An interesting development transpired here at BBC, a blog conversation broke out.Â BBC contributor Stephan Spencer’s post PR Firms Comment Spamming? began a small conversation with the VP of Connors Communications.Â Stephan had assumed a comment left on his blog about the long tail was a PR firm touting the latest client’s software program.Â Although Stephan was mistaken in his assumption, through the use of blog mining or RSSÂ (now I’m assuming), Mike Levin the person that left the comment, was able to correct his mistake.Â In fact Mike was touting the application he had developed for Connors Communications.Â
An open conversation was the result, and although Stephan and Mike may disagree on the use of comments on a blog, it is clear that their exchange was civil, and exactly what companies can use a blog to develop, an open commuincation with their customer or clients.Â
Sorry Mike, now it’s my turn to provide some feedback.Â After going to the Connors website, I wanted to rush to read your blog since you had indicated you were a passionate blogger in your comment.Â I looked far and wide and could not seem to locate that blog.Â On a whim I decided to check out the hard to find navigational site map linkÂ and searched a long time again before I found the link to your company blog.Â You are correct by stating in the comments here:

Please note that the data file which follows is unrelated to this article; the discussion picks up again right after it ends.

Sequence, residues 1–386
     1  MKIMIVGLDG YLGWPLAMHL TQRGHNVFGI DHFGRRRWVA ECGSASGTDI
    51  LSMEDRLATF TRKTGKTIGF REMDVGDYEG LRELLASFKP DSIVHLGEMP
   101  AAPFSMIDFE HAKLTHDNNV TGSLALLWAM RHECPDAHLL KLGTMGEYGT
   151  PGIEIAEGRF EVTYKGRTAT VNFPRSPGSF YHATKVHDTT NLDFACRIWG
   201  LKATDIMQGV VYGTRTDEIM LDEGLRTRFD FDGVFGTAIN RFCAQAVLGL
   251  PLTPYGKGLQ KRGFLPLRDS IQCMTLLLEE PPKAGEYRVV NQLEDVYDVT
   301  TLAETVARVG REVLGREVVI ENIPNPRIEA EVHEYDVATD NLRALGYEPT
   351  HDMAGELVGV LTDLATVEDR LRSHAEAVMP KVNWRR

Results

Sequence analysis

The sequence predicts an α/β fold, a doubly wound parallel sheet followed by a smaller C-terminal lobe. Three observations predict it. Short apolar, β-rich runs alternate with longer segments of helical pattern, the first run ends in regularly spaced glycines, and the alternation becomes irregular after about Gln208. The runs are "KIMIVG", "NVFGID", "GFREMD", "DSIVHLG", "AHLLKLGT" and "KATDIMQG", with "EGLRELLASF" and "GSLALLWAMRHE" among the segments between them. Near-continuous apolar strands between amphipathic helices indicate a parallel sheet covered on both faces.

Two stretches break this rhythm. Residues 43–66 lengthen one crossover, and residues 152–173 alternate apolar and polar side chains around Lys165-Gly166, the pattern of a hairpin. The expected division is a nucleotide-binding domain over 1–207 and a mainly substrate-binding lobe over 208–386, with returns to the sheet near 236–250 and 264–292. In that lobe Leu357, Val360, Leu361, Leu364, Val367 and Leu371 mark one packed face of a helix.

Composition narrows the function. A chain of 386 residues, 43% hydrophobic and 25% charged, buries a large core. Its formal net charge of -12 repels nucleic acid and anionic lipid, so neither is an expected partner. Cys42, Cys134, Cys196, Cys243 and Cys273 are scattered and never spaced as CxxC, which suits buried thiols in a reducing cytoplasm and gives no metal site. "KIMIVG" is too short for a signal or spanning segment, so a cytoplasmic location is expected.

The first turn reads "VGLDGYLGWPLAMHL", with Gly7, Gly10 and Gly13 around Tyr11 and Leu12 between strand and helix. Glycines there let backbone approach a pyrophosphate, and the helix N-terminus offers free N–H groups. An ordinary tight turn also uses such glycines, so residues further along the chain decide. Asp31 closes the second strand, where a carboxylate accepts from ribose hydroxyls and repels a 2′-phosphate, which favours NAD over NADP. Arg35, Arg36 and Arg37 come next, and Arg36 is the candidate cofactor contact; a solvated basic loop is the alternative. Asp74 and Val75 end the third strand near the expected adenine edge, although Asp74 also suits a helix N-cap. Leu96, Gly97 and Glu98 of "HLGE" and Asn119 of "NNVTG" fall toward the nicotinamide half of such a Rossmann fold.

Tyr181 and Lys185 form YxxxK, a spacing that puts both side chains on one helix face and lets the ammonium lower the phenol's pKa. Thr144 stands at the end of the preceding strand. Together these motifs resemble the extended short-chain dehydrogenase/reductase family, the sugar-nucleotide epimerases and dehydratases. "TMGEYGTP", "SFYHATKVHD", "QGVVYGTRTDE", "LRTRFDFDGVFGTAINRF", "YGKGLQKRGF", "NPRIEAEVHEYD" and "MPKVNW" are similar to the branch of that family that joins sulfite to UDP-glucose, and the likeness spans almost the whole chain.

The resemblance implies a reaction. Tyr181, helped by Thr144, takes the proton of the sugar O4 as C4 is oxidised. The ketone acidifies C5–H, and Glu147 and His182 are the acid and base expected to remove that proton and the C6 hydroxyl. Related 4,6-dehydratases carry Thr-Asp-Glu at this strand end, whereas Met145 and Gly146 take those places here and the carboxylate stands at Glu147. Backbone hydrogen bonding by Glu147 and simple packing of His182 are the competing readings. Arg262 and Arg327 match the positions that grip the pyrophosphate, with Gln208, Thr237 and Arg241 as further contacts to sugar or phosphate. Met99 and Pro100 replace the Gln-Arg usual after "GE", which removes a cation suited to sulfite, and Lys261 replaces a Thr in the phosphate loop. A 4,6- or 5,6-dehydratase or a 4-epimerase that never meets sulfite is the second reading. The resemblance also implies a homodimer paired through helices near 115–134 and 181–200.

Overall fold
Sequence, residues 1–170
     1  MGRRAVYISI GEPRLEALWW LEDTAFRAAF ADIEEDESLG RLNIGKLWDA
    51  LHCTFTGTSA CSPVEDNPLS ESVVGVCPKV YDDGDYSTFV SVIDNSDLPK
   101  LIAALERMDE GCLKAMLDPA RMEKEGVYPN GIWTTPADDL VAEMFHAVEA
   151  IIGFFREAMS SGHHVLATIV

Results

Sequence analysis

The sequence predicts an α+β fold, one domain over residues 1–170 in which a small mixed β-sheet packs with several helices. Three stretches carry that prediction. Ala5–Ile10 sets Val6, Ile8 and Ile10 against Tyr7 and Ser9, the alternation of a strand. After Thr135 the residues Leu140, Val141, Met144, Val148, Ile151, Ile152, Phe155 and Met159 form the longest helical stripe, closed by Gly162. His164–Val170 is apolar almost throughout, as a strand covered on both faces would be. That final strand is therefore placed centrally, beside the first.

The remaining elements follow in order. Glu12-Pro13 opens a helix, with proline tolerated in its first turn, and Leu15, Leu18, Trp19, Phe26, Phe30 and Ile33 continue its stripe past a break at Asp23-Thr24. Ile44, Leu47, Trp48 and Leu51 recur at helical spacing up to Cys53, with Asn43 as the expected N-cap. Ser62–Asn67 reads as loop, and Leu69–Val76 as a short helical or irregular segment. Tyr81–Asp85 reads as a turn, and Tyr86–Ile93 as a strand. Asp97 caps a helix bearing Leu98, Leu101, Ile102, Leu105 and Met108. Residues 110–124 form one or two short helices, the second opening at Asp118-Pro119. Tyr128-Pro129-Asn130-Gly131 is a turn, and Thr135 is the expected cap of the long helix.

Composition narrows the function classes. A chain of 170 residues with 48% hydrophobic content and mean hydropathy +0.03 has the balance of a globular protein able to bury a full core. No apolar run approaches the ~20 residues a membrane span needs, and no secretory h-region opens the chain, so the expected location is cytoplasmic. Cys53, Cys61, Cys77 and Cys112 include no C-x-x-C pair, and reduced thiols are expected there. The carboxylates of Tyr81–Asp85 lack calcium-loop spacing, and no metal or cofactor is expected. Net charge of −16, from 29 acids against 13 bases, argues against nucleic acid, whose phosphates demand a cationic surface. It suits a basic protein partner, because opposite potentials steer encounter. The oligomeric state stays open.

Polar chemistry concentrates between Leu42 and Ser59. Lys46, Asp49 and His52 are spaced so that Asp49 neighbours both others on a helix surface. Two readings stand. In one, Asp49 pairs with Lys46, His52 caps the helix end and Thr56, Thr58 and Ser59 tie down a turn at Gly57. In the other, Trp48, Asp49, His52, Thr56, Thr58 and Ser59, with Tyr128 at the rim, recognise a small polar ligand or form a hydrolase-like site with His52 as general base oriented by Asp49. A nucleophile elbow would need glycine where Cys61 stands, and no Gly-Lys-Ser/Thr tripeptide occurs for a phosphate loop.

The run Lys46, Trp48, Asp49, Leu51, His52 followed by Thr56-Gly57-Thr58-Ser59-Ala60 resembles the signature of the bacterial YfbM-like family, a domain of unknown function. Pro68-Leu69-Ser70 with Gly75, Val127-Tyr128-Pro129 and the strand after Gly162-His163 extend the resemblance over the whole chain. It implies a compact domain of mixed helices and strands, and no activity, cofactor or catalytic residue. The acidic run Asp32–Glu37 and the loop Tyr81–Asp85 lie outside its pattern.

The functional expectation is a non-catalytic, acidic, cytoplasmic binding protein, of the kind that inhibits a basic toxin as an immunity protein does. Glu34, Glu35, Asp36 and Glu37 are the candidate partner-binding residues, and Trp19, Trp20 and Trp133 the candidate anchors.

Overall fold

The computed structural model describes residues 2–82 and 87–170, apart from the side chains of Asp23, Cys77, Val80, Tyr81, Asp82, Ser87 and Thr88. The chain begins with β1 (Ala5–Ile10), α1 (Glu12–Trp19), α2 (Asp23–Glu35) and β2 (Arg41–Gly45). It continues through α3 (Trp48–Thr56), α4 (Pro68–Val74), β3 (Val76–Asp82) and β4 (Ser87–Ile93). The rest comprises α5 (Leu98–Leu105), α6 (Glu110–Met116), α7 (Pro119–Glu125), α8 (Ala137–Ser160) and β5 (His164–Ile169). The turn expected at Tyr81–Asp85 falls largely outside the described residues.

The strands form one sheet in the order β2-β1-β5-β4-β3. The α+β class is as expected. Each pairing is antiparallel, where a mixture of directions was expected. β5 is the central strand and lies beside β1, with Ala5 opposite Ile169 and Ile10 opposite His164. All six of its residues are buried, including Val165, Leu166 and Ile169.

I read many blogs, and sometimes I am compelled to leave comments, just as comments on our blog are welcome. I think if you read a few of my blog posts, you will find me to be sincere and on the level.
I read a few of your blog posts and you are definitely on the level and sincere.Â The problem or at least what made it difficult was the navigation to your blog.Â If you don’t make it easy to access those blog posts people may never get to find your wisdom.Â A simple “Read Our Weblog” button or link in the top left with the rest of the navigation would prove to be beneficial to you and Connors Communications.
Great job gentleman and lets keep up the blogging conversation.